$20 million mixed-use development slated for downtown Carmel

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CARMEL, Ind. - Downtown Carmel could be getting a major upgrade to one of the few empty lots in the Art and Design District.

Chuck and Anthony Lazzara announced plans this week to build a mixed-use development on the land south of Main Street along the Monon Trail.

The main attraction for the project will be a new high-end steak restaurant called Anthony's Chophouse and on top of the restaurant will be a bar called 3 Up.

“The chophouse will be an evening destination. It will be fine-dining, upscale with a fancy bar inside as well. It will have outside seating that overlooks the Monon," developer and restaurant owner Anthony Lazzara said. "And we’re hoping 3 Up will kind of bring that millennial crowd down here and keep them in downtown Carmel instead of sending them to Mass Ave or downtown.”

In addition, the development will have seven town homes along the Monon Trail, 17,600 square feet of office space and 8,000 square feet of retail.

The project, Monon and Main, is going on a piece of land Carmel Mayor Jim Brainard said the city has been trying to develop since 2008 and he's very happy with the vision the Lazarras have created.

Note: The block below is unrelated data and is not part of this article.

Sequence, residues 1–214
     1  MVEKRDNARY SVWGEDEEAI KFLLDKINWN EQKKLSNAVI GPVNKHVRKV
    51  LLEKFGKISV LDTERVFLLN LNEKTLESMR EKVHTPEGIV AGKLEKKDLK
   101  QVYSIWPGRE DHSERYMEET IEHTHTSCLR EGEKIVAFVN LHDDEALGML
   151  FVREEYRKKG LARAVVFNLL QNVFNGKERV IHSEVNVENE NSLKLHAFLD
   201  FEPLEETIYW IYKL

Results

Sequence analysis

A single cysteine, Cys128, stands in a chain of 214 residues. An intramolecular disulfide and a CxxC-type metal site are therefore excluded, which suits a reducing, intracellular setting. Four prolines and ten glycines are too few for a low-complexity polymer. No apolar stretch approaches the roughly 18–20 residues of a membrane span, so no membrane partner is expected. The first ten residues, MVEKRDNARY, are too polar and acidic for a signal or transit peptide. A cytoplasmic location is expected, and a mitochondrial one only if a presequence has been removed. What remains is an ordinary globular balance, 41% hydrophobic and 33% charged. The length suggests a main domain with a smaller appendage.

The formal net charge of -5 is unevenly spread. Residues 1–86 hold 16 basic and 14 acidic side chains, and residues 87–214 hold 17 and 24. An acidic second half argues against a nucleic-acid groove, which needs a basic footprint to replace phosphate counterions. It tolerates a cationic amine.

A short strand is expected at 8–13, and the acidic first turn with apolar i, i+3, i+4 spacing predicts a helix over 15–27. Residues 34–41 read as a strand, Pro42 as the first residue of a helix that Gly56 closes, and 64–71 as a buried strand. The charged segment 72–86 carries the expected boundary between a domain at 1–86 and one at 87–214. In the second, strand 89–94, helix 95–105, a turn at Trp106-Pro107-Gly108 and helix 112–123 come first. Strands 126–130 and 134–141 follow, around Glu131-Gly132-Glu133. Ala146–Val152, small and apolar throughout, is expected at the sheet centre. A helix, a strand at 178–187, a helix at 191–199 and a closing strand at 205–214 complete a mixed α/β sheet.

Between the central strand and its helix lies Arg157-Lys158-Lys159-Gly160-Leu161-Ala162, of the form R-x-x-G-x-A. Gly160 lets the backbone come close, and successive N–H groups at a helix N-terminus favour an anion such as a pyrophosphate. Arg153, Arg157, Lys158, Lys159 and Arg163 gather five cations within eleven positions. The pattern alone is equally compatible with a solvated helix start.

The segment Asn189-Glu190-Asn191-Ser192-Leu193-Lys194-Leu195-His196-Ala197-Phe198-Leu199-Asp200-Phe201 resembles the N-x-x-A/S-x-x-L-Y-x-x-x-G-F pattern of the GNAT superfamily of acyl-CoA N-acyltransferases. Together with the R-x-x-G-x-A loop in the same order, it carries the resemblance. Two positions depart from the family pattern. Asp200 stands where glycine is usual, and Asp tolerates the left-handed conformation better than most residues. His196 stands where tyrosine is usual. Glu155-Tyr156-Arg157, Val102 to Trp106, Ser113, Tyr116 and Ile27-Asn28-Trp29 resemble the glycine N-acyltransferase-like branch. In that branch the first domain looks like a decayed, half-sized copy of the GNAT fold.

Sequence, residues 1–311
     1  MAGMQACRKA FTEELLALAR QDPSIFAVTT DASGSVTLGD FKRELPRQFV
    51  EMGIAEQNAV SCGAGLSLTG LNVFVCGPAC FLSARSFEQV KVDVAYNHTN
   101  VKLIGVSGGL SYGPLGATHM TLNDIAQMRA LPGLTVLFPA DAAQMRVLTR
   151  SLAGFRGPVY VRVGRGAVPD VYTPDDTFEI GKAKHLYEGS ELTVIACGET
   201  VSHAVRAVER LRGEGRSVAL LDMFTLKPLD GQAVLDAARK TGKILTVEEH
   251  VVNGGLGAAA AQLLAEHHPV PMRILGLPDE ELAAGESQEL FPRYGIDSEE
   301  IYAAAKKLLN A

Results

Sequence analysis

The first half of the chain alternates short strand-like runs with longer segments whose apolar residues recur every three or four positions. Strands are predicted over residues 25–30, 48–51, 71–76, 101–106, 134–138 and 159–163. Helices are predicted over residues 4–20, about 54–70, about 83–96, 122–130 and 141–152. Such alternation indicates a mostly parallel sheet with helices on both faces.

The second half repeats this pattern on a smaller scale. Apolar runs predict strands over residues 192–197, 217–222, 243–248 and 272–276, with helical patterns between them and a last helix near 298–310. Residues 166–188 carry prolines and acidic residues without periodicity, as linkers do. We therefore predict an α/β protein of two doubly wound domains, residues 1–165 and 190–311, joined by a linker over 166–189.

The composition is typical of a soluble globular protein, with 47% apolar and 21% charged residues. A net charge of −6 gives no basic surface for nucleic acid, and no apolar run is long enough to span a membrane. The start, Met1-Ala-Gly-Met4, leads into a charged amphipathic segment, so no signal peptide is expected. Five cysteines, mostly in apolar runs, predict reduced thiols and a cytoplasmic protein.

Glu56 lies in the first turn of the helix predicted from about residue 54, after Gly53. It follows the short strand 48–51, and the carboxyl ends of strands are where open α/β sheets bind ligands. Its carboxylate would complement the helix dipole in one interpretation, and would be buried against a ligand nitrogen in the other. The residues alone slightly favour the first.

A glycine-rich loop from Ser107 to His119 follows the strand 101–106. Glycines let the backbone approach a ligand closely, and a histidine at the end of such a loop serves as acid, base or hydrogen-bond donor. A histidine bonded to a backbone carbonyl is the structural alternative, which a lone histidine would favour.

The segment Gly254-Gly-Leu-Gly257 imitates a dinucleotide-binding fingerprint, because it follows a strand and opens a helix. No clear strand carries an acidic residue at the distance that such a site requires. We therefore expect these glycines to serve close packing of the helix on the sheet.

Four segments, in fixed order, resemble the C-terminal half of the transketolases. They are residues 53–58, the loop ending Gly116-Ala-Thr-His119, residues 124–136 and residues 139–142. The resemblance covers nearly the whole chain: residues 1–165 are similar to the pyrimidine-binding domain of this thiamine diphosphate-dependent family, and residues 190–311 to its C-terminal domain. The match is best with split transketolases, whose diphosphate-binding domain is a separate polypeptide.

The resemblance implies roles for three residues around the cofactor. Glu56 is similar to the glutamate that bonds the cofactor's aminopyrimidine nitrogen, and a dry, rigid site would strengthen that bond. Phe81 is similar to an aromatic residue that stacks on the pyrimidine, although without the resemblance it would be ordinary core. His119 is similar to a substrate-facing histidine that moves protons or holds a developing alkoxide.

"The plans for this development do a good job of reflecting the tone that has already been established by similar developments nearby," Brainard said in a prepared statement. "Beautiful architecture, mixed uses, pedestrian friendly and smart design will enhance this part of the District and continue our mission to redevelop this once challenging area."

The Lazzarras are calling the project the, "grand entrance to Midtown." Midtown is a project in downtown Carmel to turn old industrial plants into corporate offices and other mixed-use buildings.

"This is kind of the last block hat needs to be developed in this corner and then everything south of us is going to turn into the Midtown project," Anthony Lazzara said. "We’re seeing this as the grand entrance, or the entrance in to downtown Carmel, connecting both areas of development and this can kind of be the last piece in this area so they can move onto the next project.”

The Carmel Redevelopment Commission still has to formally approve the project.

If the Lazarras get the go ahead they plan to start construction in October and said it should be finished by next fall.

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